“Shelter” is your latest single and it's off Blood Harmony. What’s the story behind that track?
"Shelter" is a song I wrote a couple years ago, and I had no idea it would be for me at the time. I just was writing a song the way you might run on a treadmill at a gym. I was just trying to stay in shape as a songwriter. And I always record a one-take demo of it. And I've written songs for my sister before, a couple of other artists, and written with a lot of people, and I never know if I'm gonna sing something, but it was a song that felt really good to sing. Like, I loved singing that song. And it was a song that I kept coming back to and I never gave it away. I was like, 'this song feels really good to sing.' And I really liked the way it sat in my vocal range. A lot of the time, that's why I give songs away. It's like, 'Someone else is gonna sing this better.' And in that song, I was like 'I really like singing this one,' so that was part of the reason I kept it. A little selfish.
What can you tell me about working with Selena Gomez on “Lose You You Love Me"?
Full disclosure, I did not write the song. I did additional production on it. What I got handed was a really beautiful song and production. I think it was written by Selena and Julia Michaels and produced by the production duo Mattman & Robin, who've done a lot of Julia's stuff. They did "Close," the Nick Jonas/Tove Lo record. They've done a lot of great production. I just sort of did my thing on it and added some textural stuff, some string plucking and tried to make the production feel a little bit more alive than maybe it did already. And the way that I do that usually is just like, trying to give the air and the sort of tonality of things, like, more of a life. But, it's a really beautiful song. And I mainly just felt lucky to be hearing it before anybody else got to hear it. But it was really fun to work on it, too.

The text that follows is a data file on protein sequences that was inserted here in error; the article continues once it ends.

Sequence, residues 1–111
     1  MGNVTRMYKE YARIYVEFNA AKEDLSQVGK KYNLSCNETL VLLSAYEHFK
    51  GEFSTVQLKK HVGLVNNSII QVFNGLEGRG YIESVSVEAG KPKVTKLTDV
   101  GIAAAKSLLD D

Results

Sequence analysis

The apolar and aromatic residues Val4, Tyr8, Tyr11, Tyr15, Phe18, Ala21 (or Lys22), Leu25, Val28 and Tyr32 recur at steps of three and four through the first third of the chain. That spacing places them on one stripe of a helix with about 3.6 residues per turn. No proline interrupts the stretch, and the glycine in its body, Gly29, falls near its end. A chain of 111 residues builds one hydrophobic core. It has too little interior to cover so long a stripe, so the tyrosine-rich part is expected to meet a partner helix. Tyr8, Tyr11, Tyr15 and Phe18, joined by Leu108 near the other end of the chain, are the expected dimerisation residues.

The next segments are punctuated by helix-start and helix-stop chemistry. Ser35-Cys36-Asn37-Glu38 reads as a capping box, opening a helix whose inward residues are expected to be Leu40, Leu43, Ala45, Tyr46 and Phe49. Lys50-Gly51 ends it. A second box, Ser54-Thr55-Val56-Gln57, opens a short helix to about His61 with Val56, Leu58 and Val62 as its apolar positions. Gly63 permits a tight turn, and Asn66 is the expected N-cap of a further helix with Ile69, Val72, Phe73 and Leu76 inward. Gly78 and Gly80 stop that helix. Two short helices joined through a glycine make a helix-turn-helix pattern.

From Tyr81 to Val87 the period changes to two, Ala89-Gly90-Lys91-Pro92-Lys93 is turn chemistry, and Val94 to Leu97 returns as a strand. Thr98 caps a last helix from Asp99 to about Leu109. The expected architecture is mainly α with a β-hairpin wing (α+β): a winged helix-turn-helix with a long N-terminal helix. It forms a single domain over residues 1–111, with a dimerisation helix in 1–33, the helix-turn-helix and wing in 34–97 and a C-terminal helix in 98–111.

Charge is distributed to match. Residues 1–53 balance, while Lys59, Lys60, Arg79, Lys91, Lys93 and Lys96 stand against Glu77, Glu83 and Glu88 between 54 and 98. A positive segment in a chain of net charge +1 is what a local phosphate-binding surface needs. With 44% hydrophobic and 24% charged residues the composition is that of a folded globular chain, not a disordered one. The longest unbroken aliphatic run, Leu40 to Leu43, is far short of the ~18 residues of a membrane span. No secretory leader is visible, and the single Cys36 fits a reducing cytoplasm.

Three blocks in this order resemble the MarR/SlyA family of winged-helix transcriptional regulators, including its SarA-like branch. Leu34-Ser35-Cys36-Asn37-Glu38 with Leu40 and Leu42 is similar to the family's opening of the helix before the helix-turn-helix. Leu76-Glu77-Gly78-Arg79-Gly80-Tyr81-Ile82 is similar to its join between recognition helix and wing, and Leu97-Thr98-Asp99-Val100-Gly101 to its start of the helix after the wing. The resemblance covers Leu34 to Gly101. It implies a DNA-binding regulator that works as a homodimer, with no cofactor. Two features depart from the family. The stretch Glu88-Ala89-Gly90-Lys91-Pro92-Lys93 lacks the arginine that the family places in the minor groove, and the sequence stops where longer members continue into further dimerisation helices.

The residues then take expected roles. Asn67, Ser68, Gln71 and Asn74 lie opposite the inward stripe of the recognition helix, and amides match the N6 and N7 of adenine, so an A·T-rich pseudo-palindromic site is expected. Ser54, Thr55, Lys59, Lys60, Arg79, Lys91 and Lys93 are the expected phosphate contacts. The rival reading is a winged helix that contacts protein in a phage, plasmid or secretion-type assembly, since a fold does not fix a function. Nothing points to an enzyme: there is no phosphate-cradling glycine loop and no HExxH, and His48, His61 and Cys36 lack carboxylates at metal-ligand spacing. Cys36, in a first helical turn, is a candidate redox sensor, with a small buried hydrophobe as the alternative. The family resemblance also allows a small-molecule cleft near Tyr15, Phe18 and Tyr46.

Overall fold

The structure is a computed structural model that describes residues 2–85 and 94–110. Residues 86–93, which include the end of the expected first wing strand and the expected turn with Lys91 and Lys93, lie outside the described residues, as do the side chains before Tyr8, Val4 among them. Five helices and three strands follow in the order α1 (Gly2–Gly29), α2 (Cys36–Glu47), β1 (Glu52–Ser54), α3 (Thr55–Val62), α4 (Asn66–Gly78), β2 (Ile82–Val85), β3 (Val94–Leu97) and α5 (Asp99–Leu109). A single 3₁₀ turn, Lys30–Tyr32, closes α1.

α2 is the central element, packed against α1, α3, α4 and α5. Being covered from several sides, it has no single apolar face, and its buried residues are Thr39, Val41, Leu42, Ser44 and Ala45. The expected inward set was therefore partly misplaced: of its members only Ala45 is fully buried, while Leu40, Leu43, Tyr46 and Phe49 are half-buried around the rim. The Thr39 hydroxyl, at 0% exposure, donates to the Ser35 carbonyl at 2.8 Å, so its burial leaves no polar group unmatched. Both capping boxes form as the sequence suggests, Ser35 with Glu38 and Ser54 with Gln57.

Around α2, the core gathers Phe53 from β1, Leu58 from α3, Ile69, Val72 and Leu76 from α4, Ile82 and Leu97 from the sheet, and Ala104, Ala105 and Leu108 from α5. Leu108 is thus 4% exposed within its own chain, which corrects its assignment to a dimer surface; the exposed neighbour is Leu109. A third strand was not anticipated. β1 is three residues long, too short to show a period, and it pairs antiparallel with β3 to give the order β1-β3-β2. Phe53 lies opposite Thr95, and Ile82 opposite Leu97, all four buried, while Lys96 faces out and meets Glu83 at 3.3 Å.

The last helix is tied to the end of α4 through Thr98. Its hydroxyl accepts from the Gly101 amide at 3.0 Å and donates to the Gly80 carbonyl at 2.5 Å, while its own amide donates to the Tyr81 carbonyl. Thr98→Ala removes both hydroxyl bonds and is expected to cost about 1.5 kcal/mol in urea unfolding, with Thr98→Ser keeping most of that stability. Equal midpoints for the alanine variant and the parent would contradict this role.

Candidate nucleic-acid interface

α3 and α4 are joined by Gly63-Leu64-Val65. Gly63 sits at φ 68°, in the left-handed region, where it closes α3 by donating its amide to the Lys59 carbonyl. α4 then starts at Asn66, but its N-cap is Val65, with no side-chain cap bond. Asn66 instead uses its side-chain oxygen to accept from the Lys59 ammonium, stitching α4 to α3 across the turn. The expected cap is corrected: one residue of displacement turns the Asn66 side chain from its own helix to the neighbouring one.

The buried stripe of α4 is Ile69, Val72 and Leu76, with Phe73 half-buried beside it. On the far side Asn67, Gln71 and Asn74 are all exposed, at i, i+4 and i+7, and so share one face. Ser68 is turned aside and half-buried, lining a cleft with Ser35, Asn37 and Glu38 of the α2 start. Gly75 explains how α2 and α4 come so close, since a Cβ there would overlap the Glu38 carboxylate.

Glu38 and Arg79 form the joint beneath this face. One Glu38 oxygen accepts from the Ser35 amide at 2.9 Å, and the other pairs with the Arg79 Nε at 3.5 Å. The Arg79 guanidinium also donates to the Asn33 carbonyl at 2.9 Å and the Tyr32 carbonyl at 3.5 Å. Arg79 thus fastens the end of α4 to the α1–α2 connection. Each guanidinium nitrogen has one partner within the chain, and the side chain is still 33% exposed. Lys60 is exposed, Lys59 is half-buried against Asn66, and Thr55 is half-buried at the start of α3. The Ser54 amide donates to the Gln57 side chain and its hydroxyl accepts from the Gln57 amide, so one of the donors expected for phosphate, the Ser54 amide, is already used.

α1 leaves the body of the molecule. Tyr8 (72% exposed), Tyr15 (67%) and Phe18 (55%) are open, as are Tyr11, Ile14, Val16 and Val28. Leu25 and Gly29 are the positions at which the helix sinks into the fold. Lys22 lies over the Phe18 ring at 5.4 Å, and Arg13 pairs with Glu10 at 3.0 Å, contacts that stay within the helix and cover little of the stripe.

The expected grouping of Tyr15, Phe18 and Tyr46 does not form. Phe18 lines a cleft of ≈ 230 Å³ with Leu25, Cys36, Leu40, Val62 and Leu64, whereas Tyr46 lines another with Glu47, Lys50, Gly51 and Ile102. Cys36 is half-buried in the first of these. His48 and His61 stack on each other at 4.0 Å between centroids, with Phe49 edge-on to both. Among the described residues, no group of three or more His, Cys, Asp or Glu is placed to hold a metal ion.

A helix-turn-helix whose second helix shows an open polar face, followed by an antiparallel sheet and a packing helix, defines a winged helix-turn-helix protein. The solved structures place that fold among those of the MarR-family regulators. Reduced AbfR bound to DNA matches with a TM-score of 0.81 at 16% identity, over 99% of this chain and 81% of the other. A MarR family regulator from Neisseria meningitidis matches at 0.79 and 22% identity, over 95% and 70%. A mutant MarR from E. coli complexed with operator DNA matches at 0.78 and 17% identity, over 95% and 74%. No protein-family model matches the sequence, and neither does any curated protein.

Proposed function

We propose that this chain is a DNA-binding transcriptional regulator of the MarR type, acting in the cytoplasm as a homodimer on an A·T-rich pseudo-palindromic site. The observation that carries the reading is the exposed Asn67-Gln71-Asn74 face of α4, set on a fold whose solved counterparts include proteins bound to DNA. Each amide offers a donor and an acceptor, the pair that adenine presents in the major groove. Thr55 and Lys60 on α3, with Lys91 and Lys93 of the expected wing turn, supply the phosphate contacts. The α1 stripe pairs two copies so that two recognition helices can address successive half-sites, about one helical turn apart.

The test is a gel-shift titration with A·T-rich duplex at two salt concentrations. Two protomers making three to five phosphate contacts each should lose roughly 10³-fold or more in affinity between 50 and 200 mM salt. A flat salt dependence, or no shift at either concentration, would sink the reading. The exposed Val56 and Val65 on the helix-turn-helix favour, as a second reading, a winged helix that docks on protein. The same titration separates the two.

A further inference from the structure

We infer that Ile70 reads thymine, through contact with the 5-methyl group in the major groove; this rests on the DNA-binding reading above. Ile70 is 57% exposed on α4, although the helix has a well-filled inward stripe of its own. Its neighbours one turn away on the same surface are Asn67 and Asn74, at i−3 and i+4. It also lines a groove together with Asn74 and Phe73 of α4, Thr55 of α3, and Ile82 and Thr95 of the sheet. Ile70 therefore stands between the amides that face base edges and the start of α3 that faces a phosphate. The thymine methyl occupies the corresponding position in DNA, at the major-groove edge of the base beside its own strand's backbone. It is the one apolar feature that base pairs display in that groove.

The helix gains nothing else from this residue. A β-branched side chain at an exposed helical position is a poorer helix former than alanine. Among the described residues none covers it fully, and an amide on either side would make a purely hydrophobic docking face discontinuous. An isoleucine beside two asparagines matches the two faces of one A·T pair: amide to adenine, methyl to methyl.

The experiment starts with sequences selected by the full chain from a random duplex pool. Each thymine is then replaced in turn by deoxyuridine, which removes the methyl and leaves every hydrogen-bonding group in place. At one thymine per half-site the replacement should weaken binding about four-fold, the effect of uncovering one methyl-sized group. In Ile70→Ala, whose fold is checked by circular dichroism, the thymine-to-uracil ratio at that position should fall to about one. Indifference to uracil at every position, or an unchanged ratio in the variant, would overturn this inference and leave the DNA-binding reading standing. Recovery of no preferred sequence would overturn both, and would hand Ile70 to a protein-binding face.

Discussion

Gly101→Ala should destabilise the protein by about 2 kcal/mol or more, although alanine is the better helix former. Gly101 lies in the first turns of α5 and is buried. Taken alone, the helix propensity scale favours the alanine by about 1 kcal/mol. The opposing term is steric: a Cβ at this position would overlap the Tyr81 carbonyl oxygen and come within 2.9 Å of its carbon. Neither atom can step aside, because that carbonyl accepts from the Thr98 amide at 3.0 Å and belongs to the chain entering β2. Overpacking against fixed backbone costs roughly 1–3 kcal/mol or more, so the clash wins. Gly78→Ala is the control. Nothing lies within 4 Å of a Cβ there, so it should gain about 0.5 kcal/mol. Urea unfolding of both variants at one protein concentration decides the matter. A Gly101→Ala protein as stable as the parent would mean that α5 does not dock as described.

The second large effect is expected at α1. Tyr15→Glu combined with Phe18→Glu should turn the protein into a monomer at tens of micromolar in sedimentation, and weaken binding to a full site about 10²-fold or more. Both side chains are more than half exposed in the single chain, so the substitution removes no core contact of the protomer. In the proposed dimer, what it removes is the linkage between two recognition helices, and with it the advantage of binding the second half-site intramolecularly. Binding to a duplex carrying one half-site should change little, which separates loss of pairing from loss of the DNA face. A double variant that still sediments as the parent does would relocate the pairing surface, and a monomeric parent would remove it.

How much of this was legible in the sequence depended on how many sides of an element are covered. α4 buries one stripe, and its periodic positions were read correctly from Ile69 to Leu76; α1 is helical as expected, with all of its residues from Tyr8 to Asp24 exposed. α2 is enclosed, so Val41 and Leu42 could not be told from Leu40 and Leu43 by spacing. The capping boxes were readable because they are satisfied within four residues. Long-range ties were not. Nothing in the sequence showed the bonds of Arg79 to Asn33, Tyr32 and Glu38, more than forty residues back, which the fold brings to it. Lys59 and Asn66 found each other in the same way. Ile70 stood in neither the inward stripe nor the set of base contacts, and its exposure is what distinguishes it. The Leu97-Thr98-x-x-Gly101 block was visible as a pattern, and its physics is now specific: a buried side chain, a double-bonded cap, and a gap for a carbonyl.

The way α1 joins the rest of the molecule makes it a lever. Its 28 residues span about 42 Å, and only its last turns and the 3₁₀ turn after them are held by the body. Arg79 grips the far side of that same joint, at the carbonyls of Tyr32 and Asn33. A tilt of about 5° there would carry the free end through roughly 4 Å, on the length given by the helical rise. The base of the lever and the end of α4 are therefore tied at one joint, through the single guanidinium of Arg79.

I feel like you're living in two worlds right now, being that you're somewhat of a new artist whose growing as a solo act, but, at the same time, you're songs are being sung by millions and you're traveling the world with your sister, playing at sold-out arenas every night. How do those two worlds compare? And how do you balance them?
Well, it's pretty great, frankly. When Billie and I started out, we were playing rooms basically, the size I'm playing now, and they're really fun rooms. You're really close to all the kids in the venue, and that's really fun. And you get to just feed off each other's energy the whole time, and you can reach out and hold a kid's hand in the front row and sing right to them, and that's a great feeling. And when you play in an arena, that's an unbelievable experience, and it's kinda mind blowing to do. But you do lose that intimacy, just because people that you're connecting with are a football field away from you. And I think Billie does an incredible job of connecting with those people, and I'm always really impressed by it. But, it is fun to get to do both at the same time, to get to be playing these arenas with Billie and to also be in these small club venues.